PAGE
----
Each company presented information on clinical trials for sickle cell disease; providing updated information and education on both disease-modifying treatments and curative therapies. The landscape of therapies has changed significantly and I'm optimistic about the future of sickle cell treatment, especially for our younger warriors in the global community. They will have every possible chance to thrive and live well with sickle cell.

For me, one of the highlights of the summit was connecting with patient advocates who live cross-country and learning about the important work they've done. It gave me the fuel I needed to keep going and challenged me to continue to do more. As a Nigerian, I found myself having intimate discussions about health disparities with some of the international partners from Uganda, Zambia, Jamaica, and Canada. Personally, I think the needs of patients outside the US border are often ignored when they really should be deemed equally as important but I digress.

Key learnings from the summit

  • A snapshot of priorities

    A pivotal moment at the summit was when a fearless advocate asked the senior management of Vertex, Pfizer, and Agios Pharmaceuticals if they loved the SCD community. At first, I wondered where his rant was going but shortly after, he posed a question about the Sickle Cell Disease Comprehensive Care Act. This bipartisan legislation will focus on improving access to comprehensive, high-quality, outpatient care - including clinical and support services - for individuals with sickle cell disease. He wondered why the pharmaceutical companies weren't making the bill a priority if they were truly invested in sickle cell patient care.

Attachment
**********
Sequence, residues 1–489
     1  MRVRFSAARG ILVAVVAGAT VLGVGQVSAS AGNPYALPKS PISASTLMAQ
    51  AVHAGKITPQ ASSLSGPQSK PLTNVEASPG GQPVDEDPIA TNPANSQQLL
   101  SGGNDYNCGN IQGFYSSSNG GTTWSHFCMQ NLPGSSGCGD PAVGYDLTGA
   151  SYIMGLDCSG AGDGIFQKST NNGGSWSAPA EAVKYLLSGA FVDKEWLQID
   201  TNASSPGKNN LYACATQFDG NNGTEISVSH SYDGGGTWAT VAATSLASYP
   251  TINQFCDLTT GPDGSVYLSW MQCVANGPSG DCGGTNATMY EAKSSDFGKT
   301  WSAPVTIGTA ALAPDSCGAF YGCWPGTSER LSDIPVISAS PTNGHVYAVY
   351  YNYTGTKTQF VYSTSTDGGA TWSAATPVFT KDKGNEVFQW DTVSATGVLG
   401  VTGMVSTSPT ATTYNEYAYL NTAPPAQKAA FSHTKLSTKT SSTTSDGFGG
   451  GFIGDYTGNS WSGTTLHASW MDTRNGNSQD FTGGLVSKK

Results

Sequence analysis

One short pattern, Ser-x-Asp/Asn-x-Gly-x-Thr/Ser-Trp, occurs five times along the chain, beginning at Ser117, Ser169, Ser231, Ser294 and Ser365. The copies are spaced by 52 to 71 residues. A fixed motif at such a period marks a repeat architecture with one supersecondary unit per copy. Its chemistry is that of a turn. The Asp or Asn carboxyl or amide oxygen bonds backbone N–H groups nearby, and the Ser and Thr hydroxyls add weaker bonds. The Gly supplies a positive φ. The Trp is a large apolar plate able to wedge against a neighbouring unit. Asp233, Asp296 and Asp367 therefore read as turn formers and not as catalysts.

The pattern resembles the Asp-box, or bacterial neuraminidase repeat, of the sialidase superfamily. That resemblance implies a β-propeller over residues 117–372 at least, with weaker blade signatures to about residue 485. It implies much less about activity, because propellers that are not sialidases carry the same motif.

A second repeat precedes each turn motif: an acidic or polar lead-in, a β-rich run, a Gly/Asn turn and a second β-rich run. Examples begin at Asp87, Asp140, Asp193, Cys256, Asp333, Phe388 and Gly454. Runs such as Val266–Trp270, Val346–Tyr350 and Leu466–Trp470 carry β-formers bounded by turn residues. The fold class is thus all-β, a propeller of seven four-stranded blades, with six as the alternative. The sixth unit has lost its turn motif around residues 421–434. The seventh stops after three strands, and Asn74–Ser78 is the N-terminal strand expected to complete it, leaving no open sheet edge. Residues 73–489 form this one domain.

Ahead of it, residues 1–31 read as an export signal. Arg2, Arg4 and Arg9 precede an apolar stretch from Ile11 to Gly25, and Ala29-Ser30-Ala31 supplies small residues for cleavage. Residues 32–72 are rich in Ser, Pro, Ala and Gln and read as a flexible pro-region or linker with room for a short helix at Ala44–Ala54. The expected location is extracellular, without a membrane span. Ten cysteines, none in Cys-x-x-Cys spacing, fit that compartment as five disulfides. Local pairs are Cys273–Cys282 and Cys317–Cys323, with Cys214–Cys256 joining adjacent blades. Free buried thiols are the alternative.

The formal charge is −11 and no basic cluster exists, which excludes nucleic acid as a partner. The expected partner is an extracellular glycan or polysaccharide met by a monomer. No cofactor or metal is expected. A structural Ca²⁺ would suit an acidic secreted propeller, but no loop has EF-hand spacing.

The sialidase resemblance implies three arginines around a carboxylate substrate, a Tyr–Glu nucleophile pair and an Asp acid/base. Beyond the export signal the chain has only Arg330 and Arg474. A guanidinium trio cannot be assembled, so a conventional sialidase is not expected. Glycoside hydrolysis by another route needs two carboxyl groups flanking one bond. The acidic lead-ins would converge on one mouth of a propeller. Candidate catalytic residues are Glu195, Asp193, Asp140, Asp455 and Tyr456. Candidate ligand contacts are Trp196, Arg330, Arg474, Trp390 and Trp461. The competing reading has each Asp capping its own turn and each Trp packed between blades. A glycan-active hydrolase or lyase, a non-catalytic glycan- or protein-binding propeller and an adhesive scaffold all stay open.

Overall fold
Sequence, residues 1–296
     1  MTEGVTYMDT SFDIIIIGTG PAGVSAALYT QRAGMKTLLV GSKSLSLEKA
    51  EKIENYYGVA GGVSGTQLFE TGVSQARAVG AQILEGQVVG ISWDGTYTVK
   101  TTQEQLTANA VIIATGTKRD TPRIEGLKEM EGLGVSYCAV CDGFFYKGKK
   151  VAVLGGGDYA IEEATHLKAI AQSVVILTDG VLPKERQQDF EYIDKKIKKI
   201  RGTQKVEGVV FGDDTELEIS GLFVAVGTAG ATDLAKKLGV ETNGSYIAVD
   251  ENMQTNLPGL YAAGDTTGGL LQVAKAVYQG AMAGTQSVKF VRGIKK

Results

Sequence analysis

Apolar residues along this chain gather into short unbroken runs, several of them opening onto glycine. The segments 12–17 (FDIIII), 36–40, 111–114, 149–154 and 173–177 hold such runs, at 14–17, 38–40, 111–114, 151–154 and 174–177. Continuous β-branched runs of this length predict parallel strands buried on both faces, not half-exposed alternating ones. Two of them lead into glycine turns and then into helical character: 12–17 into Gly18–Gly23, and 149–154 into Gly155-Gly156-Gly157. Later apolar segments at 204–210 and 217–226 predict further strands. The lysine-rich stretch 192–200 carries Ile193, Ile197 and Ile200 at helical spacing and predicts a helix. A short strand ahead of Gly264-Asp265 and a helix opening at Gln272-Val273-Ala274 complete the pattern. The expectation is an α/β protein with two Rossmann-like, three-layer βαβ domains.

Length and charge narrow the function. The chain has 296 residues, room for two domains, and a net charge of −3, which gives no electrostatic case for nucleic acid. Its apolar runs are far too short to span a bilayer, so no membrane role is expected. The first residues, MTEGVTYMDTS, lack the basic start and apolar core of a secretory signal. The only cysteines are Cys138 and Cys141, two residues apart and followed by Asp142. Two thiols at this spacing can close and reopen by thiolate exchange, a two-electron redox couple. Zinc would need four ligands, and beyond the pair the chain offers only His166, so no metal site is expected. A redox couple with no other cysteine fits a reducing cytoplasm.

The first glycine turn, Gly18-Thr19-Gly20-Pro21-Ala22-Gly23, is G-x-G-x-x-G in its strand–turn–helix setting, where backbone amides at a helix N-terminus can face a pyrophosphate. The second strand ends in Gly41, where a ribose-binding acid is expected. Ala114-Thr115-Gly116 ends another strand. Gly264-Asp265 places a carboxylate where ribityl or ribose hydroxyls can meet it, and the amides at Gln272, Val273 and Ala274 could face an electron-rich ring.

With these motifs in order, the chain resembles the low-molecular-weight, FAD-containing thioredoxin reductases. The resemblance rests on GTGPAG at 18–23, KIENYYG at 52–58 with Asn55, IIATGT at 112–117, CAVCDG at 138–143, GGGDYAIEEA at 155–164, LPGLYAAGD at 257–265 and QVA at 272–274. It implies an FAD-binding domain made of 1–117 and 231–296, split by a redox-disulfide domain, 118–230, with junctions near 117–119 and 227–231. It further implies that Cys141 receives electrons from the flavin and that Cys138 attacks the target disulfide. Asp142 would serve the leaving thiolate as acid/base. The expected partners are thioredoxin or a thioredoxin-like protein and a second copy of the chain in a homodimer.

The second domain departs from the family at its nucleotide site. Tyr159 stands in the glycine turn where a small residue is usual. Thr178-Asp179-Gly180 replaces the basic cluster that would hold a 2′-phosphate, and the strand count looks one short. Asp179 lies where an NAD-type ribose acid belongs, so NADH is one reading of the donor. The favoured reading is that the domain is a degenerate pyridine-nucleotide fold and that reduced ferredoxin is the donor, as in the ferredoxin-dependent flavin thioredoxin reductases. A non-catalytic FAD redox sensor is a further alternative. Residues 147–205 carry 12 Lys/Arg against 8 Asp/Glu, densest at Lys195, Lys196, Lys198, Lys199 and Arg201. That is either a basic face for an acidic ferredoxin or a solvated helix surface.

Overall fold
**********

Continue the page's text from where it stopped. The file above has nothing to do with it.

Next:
• Tools of the trade

    Patient advocacy is a multi-faceted endeavor so if you dare to use your voice to drive real change, you're going to need to spruce up your skills. To support the CBOs, the consortium arranged a series of workshops and training sessions, going over topics like coordinating advocacy day in your state, developing a bio-sketch for grants, crafting your advocacy resume, and ways to get certification as a community health worker. An unexpected bonus was having a photographer on-site to assist with professional headshots.

  • Collaboration & opportunity

    There is strength in presenting a unified voice and the summit provided the perfect backdrop for cross-collaborations between CBOs and key players in the pharmaceutical industry. It is estimated that the US sickle cell disease market will be worth $4.8 billion by 2030, which means more investments will go into clinical trials, research studies, and disease-modifying treatment options. So now that we have their attention, the responsibility is on us to make sure that other patient needs are brought to the forefront.

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This article represents the opinions, thoughts, and experiences of the author; none of this content has been paid for by any advertiser. The Sickle-Cell.com team does not recommend or endorse any products or treatments discussed herein. Learn more about how we maintain editorial integrity here.